The Minuteman is being offered as part of a trial at NHS hospitals in Birmingham, Ipswich, Taunton and Leeds and has so far been performed on 20 British patients and 950 worldwide.
Dr Ganesan Baranidharan, consultant pain specialist at Leeds Teaching Hospitals NHS Trust, says: ‘The results are very promising. There is minimal post-surgical pain and negligible blood loss. Pain reduction achieved is as good as with decompression.’
After a local anaesthetic is given in the back, a 2cm incision is made in the side of the body. A series of tools are used to widen the gap between the vertebrae.
The Minuteman is then inserted into the gap and screwed in place, ‘jacking up’ the spine, creating more space for spinal nerves and immediately alleviating pain.
Lower back pain is the leading cause of disability worldwide, with one in ten men and almost one in five women affected. The condition accounts for seven per cent of all GP appointments, and results in the loss of 4.1 million working days a year. A third of those who suffer sciatica still have symptoms a year after diagnosis.
Other causes of back pain include a slipped – or prolapsed – disc in the spine pressing on a nerve, and ankylosing spondylitis, an arthritis-type condition that causes swelling of the joints in the spine. Another is spondylolisthesis, when a bone in the spine slips out of position.
Solicitor Lynda Greenwood, 64, from North Yorkshire, earlier this year became one of the first patients to have the Minuteman device implanted, following years of lower-back and leg pain.
‘I had sciatica, pain down the legs, and I had several painkilling injections, but ultimately the treatments were reducing the pain but not tackling the cause of the problem, which was spinal stenosis,’ she says. ‘I was referred to Mr Jake Timothy at the Leeds General Infirmary, who was carrying out a clinical trial of the Minuteman.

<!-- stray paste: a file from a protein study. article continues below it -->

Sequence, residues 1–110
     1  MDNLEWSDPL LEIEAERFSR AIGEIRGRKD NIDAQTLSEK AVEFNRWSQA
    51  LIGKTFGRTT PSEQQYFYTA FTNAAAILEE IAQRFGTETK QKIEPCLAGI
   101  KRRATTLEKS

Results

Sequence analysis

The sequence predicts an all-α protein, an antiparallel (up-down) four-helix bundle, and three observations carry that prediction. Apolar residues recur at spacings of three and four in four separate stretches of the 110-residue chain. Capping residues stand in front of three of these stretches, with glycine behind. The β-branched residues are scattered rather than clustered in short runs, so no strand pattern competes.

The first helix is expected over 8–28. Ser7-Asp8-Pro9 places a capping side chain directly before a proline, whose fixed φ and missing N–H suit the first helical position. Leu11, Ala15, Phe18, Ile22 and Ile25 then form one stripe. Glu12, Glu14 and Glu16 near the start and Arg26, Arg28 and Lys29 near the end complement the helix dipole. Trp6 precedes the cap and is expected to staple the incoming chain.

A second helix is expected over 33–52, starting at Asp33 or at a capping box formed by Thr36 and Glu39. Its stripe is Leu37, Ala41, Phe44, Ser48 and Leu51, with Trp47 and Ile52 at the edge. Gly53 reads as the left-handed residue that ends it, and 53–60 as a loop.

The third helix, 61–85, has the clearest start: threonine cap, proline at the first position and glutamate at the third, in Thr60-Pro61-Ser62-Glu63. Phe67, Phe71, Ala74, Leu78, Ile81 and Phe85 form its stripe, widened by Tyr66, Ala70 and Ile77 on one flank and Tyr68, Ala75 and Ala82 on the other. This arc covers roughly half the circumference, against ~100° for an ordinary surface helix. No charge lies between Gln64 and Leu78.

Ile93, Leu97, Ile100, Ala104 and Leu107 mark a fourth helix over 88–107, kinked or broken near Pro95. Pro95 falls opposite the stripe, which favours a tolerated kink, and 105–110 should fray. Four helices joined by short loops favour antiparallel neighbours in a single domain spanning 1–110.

‘He decided I was suitable candidate to take part.
‘At the time the pain was very bad. I remember walking my dog the day before the operation and thinking this is so awful, I will soon be in a wheelchair. It had become very debilitating.
‘On the day of the operation I limped into the hospital at Leeds ready for the treatment.
‘I had a general anaesthetic and when I woke up, I knew it had worked. I had no pain, and I have had none since. I was ecstatic.
‘I can feel the device in my back, but I have no pain at all. I was up and about straight away.
‘If I had undergone conventional surgery there would have been a three-month recovery period. I couldn’t be happier.’
ASK A STUPID QUESTION: Why do bruises turn such incredible colours?
Consultant vascular surgeon Dr John Scurr says: ‘Bruises happen when external impact makes blood accumulate underneath the skin.
‘Initially, bruises appear red as there is oxygen in the blood, but over time the blood becomes deoxygenated and turns a blue or purple colour.
‘After a day or so, the blood breaks down into the different components that are in the blood vessels. It is these components that have different colours.
‘The shade of colour and amount of colour visible depends on the thickness of the skin and the composition of components that exist in that particular collection of blood vessels.’